THE AURA OF PAST EMPIRES lurks in every corner of Istanbul. Yesterday, I went back to Sultanahmet to revisit the Aya Sofya and to go to Topkapı Palace, the center of the Ottoman Empire and residence of its imperial sultans for over 400 years. While I only spent about one hour there, I was astonished at the beauty, historical significance, and opulence of the Palace. I will be going back many more times, as one could spends days wandering the many buildings, pathways, and courtyards of Istanbul’s most imperial landmark.
After alighting the tram from Kabataş, I found myself directly facing the Aya Sofya. I’ve already posted many pictures of this incredible building, but here is one more, capturing just what I saw as I got off of the tram (as always, click on these pictures to make them full-sized):
Walking behind the Aya Sofya, you find yourself on a pathway leading to Topkapı Palace:
At the end of the pathway, you stand at the Imperial Gate, the grandiose entrance to the palace grounds:
Sultan Mehmed II “The Conquerer,” a monumental figure in both Ottoman and world histories, began building Topkapı Palace in 1459. Among the notable events in Mehmed II’s lifetime are conquering Constantinople for the Ottoman Empire, constructing Topkapı Palace, creating significant cultural exchange between Western and Eastern artisans, and being defeated by the historical version of Dracula in 1462. The Venetian artist Gentile Bellini was fascinated by Ottoman society, and after developing a friendship with the Sultan, painted a portrait of him in 1480:
To finally enter the Palace courtyards, one must pass beneath the Gate of Salutations:
The Arabic calligraphy at the apex of the archway announces the presence of imperial majesty. The oval resting at the very top of the arch is the signature of the Ottoman Empire’s other famous sultan, Süleyman I “The Magnificent,” who ruled Istanbul during a golden age of art, prosperity, and trade. A different Italian painter, Titian, completed this portrait of Süleyman I circa 1530:
Here is a tower on one side of the Gate of Salutations:
Next, here is a picture of me in front of the entrance to the Imperial Council Hall. It’s rather opulent:
Here is the arch by itself, sans moi:
The Imperial Council Hall is where the Sultan and his Grand Viziers would meet to deliberate. Inside of the Hall, domes and walls are decorated with ornate patterns:
Also important (if oppressive) to the Ottoman Empire was the famed Harem, where upwards of fifty women would serve the sultan:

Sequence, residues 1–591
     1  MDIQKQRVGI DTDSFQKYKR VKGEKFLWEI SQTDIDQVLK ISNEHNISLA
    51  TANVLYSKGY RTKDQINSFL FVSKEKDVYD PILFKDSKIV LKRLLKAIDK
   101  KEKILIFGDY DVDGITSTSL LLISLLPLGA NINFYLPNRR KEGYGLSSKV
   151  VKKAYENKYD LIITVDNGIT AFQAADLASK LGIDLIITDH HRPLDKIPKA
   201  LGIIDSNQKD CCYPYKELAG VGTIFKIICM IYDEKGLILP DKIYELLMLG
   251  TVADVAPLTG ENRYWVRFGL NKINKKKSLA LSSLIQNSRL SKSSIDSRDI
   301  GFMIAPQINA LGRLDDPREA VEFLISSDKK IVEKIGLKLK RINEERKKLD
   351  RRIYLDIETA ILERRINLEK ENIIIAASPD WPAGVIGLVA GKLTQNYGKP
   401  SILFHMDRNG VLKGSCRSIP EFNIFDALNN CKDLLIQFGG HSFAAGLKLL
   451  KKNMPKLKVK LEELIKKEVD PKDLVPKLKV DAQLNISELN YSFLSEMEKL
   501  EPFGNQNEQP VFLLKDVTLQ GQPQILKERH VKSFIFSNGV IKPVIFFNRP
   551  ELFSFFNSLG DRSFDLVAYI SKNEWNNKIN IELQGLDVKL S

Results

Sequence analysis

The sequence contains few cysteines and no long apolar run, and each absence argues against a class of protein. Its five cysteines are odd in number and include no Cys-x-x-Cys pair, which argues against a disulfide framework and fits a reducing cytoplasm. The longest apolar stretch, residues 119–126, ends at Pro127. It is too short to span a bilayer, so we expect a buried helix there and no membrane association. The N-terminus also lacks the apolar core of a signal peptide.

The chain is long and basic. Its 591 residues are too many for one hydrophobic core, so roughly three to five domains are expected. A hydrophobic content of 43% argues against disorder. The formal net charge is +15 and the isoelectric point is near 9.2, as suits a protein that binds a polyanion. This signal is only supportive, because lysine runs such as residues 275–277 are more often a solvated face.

A it turns out, these sorts of sexual prisons were by no means exclusive to the Ottoman Empire. Similar places existed in Britian, France, and most of the Western world, when its societies were largely monarchical, heavily patriarchal, and overtly imperial. Unfortunately, to tour the harem costs additional money, so I did not get to see it yesterday. But I will go back soon, and provide many pictures.
Here is the entrance to the Sultan’s Reception Hall:
Here is some calligraphy above a palace archway:
Here are some various pictures of the courtyards and gardens of Topkapı Palace:
The above photographs are by no means representative of the entire Palace. As I said earlier, it is immense and enormous. There will be more pictures from Topkapı Palace in the coming months. One really interesting thing I saw in the palace, which I was not allowed to photograph, was the Hall of Holy Relics, which holds perhaps the world’s most sacred relics from the Christian and Islamic religions, including the following (purportedly) Biblical and Koranic items: David’s Sword, Joseph’s turban, Mohammed’s footprint, teeth, and sandals. In the hall, an imam chants verses from the Koran 24 hours daily, making for an eerily sacred-feeling experience. I’m not personally very impressed or interested in the spiritual element of the world’s religions, but one cannot help but be absolutely shocked by the cultural, historical, and temporal significance of these ancient items.
Leaving the Palace, I bought some orange juice, juiced right in front of me by a local vendor:
Walking through Sultanahmet, I was amused by this restaurant I passed, which humorously deems itself “The Best Turkish Restaurant”:
Here is a shot of the tramway which connects Sultanahmet to Kabataş:
Here is the 600 year old Galata Tower from across the Golden Horn:
Süleyman Mosque looked Magnificent in the sunset:
After such a long day of exploration, we needed to relax. So we found this great pub on the top floor of a tall building, from which you could look down on the streets:
This place was rather authentically Turkish; we were most definitely the only non-locals in the place. That is good though, as I try to avoid the overtly-touristic places. Inside of the pub, there was really interesting local live music, which you can hear in the background of this short video I took:
Next, we walked to a local jazz club, expecting to hear, well…local jazz. Instead, I think you’ll be surprised by what the band was playing as we walked in the door:
That’s correct, ZZ Top! This is just more evidence that you really never know what to expect in Istanbul. You can, in a single day, end up seeing and experiencing such different things. From sultans, to fallen empires, to local musicians, to spice bazaars, to blues rock in a jazz club, it’s all here.